However, like Appco, Deliveroo and Foodora now face allegations of underpayment of workers who have been treated as independent contractors. Maurice Blackburn has been collecting evidence from riders who say they feel cheated, and has stated that it may file a class action in the near future. Like Appco, such a case would turn on whether the workers are in fact ‘employees’, and therefore whether they are entitled to the remuneration terms set out in the relevant award – this time the Road Transport and Distribution Award. In making the determination, a court would examine factors such as the degree of control exercised by the companies, the flexibility of riders to work for competitors, whether they are required to wear uniforms, and whether they have to bring their own equipment.

Franchises

Large-scale franchises are also facing class actions in respect of underpayment of workers.

A joint ABC-Fairfax investigation in 2015 reported that 7-Eleven franchisees throughout the country had systematically underpaid thousands of workers, as well as doctored payroll records. All in all, the backlash against 7-Eleven, which has also included protests and calls to boycott the company, has been severe.

The coverage sparked a Senate inquiry and resulted in 7-Eleven establishing a wage repayment program to investigate all claims, and make appropriate payments to affected employees. To date, approximately 1,400 claims have been determined under the program, to a value of over $50 million[1]. Maurice Blackburn is reportedly representing 77 affected 7-Eleven workers on a pro bono basis.[2]

7-Eleven has also proposed a new franchise model, which included changes to the profit split between the company and its franchisees, amid claims that franchisees were pushed to underpay employees in order to turn a profit. Dozens of franchisees who were not satisfied with the proposed changes signed up to a class action proposed by law firm Levitt Robinson. Although a franchisee class action has not yet commenced, it remains a possibility, with Levitt Robinson continuing to take registrations through its website.[3]

More recently, Caltex is now facing the possibility of two class actions – one by workers and one by franchisees – after a Fairfax investigation resulted in allegations of severe underpayment of wages. There have been claims that the petrol giant’s business model is so harsh and unfair to franchisees, whose stores often make little profit, which has pushed them to cut back on the legal entitlements of employees.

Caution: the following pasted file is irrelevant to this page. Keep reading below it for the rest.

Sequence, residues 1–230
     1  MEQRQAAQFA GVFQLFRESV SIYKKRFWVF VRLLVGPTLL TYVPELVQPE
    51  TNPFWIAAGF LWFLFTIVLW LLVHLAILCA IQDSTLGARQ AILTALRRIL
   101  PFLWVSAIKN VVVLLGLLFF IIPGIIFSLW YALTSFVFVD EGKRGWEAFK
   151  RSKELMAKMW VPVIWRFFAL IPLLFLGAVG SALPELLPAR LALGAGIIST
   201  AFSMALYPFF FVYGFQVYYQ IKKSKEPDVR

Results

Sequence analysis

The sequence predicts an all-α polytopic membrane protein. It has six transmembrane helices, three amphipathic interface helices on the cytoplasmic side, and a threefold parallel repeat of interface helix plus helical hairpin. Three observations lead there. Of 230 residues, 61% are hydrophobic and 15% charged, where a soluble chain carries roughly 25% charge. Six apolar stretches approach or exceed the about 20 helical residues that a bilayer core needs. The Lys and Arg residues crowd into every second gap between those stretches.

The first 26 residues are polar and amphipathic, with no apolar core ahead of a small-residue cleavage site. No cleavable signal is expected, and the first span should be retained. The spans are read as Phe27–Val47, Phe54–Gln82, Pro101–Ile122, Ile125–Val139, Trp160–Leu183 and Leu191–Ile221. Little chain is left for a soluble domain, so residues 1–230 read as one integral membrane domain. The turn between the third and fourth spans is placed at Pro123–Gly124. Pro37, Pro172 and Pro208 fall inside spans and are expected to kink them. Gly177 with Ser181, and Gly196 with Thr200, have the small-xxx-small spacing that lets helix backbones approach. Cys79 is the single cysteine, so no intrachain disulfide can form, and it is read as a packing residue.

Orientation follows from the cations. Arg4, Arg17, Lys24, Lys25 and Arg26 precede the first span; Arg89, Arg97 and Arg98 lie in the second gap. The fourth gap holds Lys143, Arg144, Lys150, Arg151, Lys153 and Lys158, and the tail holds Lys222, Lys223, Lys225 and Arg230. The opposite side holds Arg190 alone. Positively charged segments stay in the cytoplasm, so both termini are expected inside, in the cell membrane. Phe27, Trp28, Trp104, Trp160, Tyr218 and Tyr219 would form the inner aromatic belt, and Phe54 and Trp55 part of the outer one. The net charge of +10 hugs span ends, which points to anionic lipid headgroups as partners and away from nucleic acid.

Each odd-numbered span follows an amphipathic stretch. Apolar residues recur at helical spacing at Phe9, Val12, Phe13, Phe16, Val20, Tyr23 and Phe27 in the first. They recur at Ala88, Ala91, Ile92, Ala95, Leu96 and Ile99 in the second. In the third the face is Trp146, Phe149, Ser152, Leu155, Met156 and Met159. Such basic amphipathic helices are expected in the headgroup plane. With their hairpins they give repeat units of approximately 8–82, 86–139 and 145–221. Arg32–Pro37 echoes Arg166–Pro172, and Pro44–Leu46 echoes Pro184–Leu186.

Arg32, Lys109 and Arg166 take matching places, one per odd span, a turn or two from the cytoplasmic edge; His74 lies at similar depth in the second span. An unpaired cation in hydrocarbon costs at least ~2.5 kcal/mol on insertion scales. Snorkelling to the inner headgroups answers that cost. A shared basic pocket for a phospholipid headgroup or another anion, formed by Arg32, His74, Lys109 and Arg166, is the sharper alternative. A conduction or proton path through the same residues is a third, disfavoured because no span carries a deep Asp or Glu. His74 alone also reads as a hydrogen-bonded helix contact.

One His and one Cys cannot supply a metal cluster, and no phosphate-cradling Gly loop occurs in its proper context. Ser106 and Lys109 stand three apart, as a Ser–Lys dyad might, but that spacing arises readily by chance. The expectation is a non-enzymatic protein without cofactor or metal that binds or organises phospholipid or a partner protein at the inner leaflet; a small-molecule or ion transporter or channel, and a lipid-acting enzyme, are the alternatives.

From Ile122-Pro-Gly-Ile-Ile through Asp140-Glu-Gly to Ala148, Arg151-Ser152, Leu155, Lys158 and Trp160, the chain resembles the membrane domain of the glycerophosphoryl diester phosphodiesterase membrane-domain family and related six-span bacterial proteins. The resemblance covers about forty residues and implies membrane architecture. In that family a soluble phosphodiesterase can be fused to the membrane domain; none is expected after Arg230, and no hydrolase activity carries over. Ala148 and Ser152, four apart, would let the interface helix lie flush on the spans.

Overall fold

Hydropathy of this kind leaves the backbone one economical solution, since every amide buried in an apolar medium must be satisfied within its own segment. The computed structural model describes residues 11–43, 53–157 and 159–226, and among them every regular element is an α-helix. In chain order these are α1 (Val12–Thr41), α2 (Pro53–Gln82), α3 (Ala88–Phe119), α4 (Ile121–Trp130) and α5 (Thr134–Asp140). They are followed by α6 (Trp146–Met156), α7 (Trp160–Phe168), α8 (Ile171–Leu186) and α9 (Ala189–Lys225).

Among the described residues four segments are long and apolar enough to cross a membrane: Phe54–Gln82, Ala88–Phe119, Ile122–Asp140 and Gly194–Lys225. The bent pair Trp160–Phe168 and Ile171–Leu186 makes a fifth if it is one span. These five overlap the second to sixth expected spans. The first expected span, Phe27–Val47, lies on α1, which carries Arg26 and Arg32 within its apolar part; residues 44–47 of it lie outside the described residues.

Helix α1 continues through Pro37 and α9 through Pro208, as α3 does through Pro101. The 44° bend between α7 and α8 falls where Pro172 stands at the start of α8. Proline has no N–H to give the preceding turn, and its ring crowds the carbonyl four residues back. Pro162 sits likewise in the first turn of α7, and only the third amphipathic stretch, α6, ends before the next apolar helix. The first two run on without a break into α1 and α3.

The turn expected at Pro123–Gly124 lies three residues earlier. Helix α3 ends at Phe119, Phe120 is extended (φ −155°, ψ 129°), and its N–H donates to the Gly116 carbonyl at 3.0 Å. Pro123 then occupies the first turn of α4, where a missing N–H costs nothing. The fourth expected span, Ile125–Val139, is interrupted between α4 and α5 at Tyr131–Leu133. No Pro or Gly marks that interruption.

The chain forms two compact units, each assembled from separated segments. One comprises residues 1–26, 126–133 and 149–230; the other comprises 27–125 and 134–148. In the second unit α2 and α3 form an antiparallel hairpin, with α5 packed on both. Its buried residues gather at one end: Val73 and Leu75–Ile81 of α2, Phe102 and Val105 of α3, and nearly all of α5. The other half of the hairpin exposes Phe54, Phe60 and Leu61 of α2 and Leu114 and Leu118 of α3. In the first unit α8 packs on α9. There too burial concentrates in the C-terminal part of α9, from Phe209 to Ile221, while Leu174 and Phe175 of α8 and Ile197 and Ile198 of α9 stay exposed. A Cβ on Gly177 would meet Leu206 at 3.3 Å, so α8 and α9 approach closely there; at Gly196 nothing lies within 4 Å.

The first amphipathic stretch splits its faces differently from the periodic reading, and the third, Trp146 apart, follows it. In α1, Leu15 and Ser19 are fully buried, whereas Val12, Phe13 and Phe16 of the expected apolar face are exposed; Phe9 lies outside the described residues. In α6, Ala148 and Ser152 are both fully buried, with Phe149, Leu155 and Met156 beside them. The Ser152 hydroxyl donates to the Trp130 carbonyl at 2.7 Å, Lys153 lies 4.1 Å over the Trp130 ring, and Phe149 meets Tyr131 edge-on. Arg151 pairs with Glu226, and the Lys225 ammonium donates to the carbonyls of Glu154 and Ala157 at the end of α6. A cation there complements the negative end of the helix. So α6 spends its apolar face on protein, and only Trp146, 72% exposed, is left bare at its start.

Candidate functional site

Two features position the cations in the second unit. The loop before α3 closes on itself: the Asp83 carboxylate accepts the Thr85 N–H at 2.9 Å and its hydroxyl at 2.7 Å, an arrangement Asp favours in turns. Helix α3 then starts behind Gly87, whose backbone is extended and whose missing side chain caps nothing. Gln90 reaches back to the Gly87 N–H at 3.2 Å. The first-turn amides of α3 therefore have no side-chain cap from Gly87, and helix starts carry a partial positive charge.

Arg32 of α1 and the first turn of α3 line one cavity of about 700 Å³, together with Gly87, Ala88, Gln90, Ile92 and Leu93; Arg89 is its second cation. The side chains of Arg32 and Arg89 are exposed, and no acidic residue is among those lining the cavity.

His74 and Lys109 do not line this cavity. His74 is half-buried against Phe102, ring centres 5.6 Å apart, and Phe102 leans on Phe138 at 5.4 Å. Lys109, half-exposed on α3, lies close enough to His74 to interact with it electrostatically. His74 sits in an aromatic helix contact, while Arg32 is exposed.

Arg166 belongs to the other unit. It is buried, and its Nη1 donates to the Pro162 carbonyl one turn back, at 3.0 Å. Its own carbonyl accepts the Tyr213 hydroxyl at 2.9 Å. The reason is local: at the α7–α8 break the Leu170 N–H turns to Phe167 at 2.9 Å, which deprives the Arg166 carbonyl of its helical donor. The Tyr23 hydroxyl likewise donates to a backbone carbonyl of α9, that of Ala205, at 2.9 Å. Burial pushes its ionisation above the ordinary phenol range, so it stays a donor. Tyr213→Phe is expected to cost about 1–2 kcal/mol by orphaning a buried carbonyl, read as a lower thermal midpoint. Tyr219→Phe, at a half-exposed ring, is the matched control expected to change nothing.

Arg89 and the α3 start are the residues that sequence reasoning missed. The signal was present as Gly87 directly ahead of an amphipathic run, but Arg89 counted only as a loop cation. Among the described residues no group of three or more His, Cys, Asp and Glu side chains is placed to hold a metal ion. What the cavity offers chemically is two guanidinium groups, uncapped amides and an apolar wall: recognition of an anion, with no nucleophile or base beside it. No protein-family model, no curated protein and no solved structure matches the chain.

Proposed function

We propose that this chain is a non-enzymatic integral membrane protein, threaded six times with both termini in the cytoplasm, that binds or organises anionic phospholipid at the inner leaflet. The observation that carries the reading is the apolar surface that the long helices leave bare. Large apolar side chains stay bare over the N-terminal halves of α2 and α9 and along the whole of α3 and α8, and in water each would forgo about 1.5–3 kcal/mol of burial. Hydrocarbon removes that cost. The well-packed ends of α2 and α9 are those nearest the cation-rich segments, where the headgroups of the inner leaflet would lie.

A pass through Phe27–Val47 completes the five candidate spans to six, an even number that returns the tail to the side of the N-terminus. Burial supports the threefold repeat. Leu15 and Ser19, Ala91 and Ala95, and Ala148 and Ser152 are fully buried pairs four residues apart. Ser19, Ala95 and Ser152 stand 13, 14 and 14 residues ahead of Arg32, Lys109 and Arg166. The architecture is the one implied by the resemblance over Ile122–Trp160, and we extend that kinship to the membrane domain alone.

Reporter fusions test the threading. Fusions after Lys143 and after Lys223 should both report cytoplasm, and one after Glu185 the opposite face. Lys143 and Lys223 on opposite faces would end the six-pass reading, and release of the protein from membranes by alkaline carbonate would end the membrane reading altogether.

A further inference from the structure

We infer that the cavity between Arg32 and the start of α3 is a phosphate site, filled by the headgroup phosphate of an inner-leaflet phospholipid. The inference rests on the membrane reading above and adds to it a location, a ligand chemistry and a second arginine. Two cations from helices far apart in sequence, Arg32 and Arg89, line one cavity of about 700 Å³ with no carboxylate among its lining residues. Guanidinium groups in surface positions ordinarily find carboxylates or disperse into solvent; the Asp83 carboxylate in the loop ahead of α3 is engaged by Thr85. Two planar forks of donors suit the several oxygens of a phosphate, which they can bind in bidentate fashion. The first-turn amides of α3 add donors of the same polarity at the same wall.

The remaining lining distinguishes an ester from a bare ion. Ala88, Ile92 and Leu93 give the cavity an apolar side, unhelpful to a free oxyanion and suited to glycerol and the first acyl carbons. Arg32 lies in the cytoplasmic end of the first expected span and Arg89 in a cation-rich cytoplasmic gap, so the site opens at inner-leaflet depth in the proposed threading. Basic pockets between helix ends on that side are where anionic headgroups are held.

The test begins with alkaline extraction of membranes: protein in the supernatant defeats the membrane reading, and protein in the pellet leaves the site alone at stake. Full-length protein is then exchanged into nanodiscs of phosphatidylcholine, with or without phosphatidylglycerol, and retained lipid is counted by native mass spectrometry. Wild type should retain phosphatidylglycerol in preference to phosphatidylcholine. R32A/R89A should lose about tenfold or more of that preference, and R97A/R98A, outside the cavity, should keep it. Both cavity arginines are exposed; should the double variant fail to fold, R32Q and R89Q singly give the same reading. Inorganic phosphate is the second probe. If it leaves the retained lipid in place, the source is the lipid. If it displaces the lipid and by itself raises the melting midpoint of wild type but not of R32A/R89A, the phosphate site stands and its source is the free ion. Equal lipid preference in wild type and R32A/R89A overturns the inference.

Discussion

ACA Lawyers is said to be undertaking an investigation of a possible class action and is calling on both former workers and franchisees to come forward.

Lessons

Employers and franchisors are on notice to be careful in setting up arrangements with workers and franchisees. The repercussions associated with getting it wrong, including both media and public backlash, as well as a class action, can be severe. As the examples above have shown, the existence of a degree of separation between the company and the workers – such as a separate company or a network of franchisees – won’t necessarily be enough to protect from these consequences.

The class action mechanism have long been used to resolve industrial issues, with research showing that there was an industrial relations element to 13% of class actions filed between 1992 and 2014[4]. 2017 could prove to be an interesting year for class actions as regards workers and franchise business models. Watch this space.

[4] Vince Morabito an Empirical Study of Australia’s Class Action Regime: Fourth Report – Facts and Figures on Twenty-Four years of Class Actions in Australia (July 2016), page 3.